large fragmented Twitter populations who tweet about it but not to

    each other. The larger the population talking about a brand the less

    likely it is that the participants are connected to one another. Brand-mentioning participants focus on a

    topic, but tend not to connect to each other.

    Why this matters: There are still institutions and topics that command mass interest. Often times, the

    Twitter chatter about these institutions and their messages is not among people connecting with each

    other. Rather, they are relaying or passing along the message of the institution or person and there is no

    extra exchange of ideas.

    Community Clusters: Some popular topics may develop multiple smaller groups, which often form

    around a few hubs, each with its own audience, influencers, and sources of information. These

    Community Clusters conversations look like bazaars with multiple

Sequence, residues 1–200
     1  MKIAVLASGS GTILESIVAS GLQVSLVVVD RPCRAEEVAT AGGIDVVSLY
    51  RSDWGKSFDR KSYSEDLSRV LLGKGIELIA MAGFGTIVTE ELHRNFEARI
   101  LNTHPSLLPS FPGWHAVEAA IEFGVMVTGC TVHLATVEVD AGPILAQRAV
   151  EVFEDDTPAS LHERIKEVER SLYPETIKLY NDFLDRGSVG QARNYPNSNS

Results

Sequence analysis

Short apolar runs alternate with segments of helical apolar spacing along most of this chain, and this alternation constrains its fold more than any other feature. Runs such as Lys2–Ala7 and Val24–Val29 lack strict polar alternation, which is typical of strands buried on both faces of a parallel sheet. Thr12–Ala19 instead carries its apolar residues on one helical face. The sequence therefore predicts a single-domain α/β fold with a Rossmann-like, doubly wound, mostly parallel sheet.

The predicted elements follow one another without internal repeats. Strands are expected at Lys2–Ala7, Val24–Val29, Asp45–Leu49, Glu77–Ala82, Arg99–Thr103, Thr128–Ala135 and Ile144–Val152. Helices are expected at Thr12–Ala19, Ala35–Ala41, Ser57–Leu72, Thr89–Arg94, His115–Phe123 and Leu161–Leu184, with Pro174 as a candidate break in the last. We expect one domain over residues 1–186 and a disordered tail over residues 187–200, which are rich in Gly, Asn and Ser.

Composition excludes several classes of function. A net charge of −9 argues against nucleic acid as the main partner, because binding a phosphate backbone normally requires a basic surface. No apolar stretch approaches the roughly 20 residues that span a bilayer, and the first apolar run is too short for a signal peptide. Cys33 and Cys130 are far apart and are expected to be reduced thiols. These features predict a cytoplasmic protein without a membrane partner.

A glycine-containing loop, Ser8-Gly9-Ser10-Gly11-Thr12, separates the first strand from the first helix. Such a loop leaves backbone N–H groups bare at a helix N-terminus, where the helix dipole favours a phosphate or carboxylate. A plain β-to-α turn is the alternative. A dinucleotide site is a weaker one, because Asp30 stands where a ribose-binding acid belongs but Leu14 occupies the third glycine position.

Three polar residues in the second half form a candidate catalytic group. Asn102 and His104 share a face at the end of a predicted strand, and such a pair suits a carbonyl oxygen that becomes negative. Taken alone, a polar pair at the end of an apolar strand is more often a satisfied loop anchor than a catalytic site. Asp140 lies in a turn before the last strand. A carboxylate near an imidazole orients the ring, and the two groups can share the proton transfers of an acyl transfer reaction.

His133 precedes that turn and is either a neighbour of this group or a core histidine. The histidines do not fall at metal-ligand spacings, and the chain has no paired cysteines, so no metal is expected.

centers of activity. Global news stories often attract coverage from

    many news outlets, each with its own following. That creates a

    collection of medium-sized groupsand a fair number of isolates (the

    left side of the picture above).

    Why this matters: Some information sources and subjects ignite

    multiple conversations, each cultivating its own audience and

    community. These can illustrate diverse angles on a subject based on its relevance to different

    audiences, revealing a diversity of opinion and perspective on a social media topic.

    Broadcast Network: Twitter commentary around breaking news

    stories and the output of well-known media outlets and pundits has a

    distinctive hub and spoke structure in which many people repeat what

    prominent news and media organizations tweet. The members of the

    Broadcast Network audience are often connected only to the hub

    news source, without connecting to one another. In some cases there

    are smaller subgroups of densely connected people think of them

    as subject groupieswho do discuss the news with one another.

    Why this matters: There are still powerful agenda setters and conversation starters in the new social

    media world. Enterprises and personalities with loyal followings can still have a large impact on the

    conversation.

  • 4

    PEW RESEARCH CENTER

    www.pewresearch.org

    Support Network: Customer complaints for a major business are